He explained that the telco wanted to include more people, particularly from the working class and informal sector in the mobile revolution.
In a country where people were used to “beeping,” per-minute billing was not going to appeal to the masses. One year later, Safaricom subscriber base hit the 300,000 mark.
Multinationals such as Unilever through its subsidiary Hindustan Unilever in India had already been experimenting with the BOP model. The evangelism of BOP was then spread by the late C K Prahalad, who argued that there is a market and profits in this segment in his book The Fortune at the Bottom of the Pyramid.
In Kenya, Unilever repackaged their products, including detergents such as Omo and its Blue Band margarine into small, affordable sachets.
But Safaricom perfected the kadogo economy as BOP came to be known in Kenya by extending it to service provision. The price of a sim card was slashed further down to Sh99 in 2002.
Led by Micheal Joseph, the telco would subsequently introduce Sh100 airtime and follow it up with that of Sh50, Sh20 and Sh10.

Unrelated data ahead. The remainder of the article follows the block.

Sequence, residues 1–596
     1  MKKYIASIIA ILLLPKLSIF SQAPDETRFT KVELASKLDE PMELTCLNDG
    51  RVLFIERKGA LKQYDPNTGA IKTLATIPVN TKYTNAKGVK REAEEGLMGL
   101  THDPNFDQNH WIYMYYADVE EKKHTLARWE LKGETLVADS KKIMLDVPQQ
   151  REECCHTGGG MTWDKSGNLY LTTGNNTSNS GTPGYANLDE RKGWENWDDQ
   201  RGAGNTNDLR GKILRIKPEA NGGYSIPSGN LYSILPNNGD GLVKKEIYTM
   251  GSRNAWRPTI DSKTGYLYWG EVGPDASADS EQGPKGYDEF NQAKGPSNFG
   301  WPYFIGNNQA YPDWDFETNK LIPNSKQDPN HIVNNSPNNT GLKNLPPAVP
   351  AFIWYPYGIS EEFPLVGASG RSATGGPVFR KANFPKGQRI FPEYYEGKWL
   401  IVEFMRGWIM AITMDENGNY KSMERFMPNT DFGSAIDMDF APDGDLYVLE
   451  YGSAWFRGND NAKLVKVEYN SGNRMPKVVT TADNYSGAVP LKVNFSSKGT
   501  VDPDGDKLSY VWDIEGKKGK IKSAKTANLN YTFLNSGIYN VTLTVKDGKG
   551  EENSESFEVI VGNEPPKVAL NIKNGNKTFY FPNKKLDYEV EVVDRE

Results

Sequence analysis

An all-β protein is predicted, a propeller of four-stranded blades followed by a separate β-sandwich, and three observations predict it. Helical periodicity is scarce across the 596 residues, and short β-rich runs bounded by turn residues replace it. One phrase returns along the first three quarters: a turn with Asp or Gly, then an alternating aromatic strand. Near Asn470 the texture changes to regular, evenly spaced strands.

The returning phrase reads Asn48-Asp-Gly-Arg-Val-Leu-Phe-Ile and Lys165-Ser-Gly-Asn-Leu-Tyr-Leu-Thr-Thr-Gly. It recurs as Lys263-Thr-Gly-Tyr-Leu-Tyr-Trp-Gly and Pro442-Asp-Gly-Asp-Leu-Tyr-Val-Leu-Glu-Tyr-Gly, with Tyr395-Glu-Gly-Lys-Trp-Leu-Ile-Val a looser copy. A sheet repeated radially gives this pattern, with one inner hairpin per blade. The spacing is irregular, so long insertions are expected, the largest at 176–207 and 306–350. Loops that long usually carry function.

Having noticed Kenyans’ peculiar habit of “beeping,” Safaricom unveiled such services as Sambaza, where those with credit could give those without. Other services that were introduced for Wanjiku were flashbacks and “please call me.” And recently it introduced reversed calls to this list.
By 2004, the company’s profits had already touched unheard-of levels of Sh5 billion. A year later, subscribers increased to three million.
According to Prof Bitange Ndemo, a lecturer at the University of Nairobi and former ICT Permanent Secretary, Bamba 20 (the Sh20 airtime) constituted almost 50 per cent of the company’s revenues. Today, Safaricom, which is listed at the NSE, is arguably the most profitable company in the region.
After Safaricom waived fees on the transactions of Sh1,000 and below, M-Pesa revenues dropped by Sh6 billion.
This, according to Gerishon Ikiara, an economist and former Transport Permanent Secretary, showed how the small sums sent by millions of Kenyans can snowball into something huge. Central Bank of Kenya estimates show that over 85 per cent of mobile money transactions are below Sh1,000.
“That number, whether it is 10 cents or 50 cents, becomes a big river,” said Ikiara.
Safaricom CEO Peter Ndegwa said the telco’s products are tailored to the needs of the market.
“We are a mass-market business, and we have continued to address the needs of customers,” he said. Some of the mass-market products that Safaricom has unveiled recently are Lipa Mdogo, aimed at enabling the poor to acquire 4G-enabled smartphones. They intend to have 100 per cent 4G coverage by the end of the year.
In partnership with commercial banks, Safaricom has also offered credit facilities to the masses helping solve the problem of financial inclusion to millions of Kenyans.